To properly assess the impact of credit card debt in Mississippi, it's important to compare debt levels with income levels. There is often a disparity in the American South. According to a study by CreditCards.com, however, New Mexico is the state most burdened by credit card debt. Massachusetts residents were the least burdened by such debt. The median income in New Mexico is $46,744 while the median income in Massachusetts was $77,385.
Mississippi residents and others are on pace to amass $4 trillion in collective consumer debt by the conclusion of 2018. That would be an increase of $1 trillion over the past five years alone. The increase is attributed to both revolving debts and others like student and auto loans that have a fixed end date. Revolving debt has increased 22 percent since 2013 while student and auto loan debt has increased by 30 percent in the same time period.
In Mississippi and throughout the nation, fewer people are defaulting on their credit card debt balances. This is according to the S&P/Experian Consumer Credit Default Composite Index. However, debt levels for U.S. consumers are increasing. If a cardholder does not make payments on a card balance for six months or more, the debt may be charged-off. This can have a profound impact on a person's credit score as well as on his or her ability to get another card in the future.
Mississippi residents sometimes put off pursuing bankruptcy because they believe that filing a Chapter 7 or Chapter 13 petition damages credit ratings for many years, but a Lending Tree study reveals that four out of 10 bankruptcy filers have credit scores of 640 or higher after just one year. The figures also suggest that a few years of careful borrowing can counteract the impact of a bankruptcy.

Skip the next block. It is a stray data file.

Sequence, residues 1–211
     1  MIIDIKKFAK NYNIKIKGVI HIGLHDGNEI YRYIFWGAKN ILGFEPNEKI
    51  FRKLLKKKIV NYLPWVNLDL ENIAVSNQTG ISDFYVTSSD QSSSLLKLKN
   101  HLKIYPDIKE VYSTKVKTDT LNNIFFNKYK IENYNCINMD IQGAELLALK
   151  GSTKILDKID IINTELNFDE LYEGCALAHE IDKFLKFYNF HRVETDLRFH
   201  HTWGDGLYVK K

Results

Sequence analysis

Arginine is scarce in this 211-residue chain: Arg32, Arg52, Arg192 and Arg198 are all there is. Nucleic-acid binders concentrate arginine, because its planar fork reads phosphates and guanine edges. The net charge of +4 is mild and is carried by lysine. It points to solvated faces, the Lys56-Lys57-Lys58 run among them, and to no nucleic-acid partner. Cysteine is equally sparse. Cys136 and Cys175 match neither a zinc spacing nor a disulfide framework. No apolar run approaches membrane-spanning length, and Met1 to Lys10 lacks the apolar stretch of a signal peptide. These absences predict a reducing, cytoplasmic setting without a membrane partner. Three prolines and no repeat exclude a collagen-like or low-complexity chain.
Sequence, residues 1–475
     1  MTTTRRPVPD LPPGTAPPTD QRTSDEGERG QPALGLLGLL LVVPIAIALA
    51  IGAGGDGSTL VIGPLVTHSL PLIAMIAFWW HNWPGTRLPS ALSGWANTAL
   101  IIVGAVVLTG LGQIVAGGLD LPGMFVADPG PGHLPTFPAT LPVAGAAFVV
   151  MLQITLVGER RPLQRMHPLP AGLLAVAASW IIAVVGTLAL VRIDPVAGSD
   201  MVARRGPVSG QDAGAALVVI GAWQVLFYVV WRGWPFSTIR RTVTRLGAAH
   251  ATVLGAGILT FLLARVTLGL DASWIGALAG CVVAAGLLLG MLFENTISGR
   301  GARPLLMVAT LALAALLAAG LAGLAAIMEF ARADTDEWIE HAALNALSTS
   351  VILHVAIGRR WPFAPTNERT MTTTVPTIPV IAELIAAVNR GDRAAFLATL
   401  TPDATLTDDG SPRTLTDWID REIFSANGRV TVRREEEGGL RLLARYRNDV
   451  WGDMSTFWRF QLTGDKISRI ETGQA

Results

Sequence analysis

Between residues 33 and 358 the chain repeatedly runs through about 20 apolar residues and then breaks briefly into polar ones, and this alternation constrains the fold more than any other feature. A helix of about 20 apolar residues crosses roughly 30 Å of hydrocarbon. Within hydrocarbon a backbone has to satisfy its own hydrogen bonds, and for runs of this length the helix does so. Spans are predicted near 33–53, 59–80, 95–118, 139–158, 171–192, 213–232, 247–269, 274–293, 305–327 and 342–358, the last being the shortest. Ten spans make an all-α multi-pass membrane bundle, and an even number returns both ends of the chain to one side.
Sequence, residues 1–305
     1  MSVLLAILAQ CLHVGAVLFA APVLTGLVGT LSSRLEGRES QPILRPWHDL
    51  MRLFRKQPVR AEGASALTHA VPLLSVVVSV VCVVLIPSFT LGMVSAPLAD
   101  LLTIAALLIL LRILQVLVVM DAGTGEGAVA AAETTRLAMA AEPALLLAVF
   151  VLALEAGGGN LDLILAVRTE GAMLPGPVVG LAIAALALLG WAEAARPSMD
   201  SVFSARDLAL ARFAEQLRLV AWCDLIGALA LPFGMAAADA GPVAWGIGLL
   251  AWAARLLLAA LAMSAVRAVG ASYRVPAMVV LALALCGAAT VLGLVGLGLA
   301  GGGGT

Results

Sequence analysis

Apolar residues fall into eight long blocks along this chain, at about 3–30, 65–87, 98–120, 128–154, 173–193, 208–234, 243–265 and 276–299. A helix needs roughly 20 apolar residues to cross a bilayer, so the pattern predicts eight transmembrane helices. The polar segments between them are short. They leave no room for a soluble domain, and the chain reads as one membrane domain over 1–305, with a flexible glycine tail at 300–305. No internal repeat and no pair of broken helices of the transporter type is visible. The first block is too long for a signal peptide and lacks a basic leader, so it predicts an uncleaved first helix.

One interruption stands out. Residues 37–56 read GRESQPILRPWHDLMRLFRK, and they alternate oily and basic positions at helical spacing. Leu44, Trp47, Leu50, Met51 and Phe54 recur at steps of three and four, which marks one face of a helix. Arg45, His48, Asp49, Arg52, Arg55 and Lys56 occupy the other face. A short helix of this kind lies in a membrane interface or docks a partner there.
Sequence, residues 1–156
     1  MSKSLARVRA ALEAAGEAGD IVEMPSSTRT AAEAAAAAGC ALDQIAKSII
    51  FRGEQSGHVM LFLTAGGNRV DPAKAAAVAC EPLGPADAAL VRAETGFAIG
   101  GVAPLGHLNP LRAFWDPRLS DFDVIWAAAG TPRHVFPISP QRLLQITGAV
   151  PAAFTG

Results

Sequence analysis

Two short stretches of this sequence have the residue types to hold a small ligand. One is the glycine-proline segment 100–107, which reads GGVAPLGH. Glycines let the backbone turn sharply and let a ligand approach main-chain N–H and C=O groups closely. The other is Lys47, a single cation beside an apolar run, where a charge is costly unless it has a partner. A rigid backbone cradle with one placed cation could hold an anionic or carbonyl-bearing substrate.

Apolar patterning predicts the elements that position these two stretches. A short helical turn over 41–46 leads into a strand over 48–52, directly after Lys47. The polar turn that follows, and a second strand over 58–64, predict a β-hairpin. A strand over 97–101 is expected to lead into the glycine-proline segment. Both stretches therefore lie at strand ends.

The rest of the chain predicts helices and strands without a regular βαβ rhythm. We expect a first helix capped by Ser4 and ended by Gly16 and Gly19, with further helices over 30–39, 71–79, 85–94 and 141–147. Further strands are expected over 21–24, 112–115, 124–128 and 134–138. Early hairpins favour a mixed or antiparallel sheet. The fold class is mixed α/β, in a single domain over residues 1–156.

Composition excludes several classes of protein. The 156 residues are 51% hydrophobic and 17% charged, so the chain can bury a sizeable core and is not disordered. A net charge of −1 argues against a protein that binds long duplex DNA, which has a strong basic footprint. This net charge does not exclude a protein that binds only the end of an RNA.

Debt for many residents of Mississippi is a way of life. However, when it continues to increase and cannot be whittled down, debt becomes burdensome. It is not only the economic strangle-hold of paying interest without seeing the principal go down; there is a stigma to carrying debt that may not be deserved. While some people acquire debt through irresponsible lifestyle choices, many others do so only when there is no other option.
People paying off debts in Mississippi often stop using credit cards and switch to making purchases with cash. Although this is an appropriate way to tackle debt, careful use of credit cards does help people maintain their credit ratings. Credit cards that offer reward points provide consumers with multiple advantages when paid in full every month.
Part of a credit card agreement is that the Mississippi cardholder will pay back charges, plus fees and interest. In some cases, though, credit card companies have incentives to lower the amount outstanding, or they realize it won't be worth it to pursue the cardholder with collections efforts. For people who are going through serious financial hardship, it may seem impossible to get out. If it is approached correctly, debt settlement can be a way to satisfy these types of obligations.
Debt is a problem for most millennials in Mississippi and in other states. In 50 large cities across the United States, millennials are carrying an average of over $23,000 in personal debt excluding mortgages. San Antonio is the area with the largest average non-mortgage debt for millennials at $27,122 followed by Pittsburgh and Austin.
In the 2017 fiscal year, individuals in the United States filed a total of 767,721 personal bankruptcies in the federal courts. Residents of Mississippi may benefit from learning about some common mistakes people make that may lead them to file for bankruptcy.
While bankruptcy cases have been decreasing in Mississippi and across the U.S. since the end of the Great Recession, many consumers still need to file for bankruptcy protections each year. However, experts say that people need to understand a few key points before deciding to file for personal bankruptcy.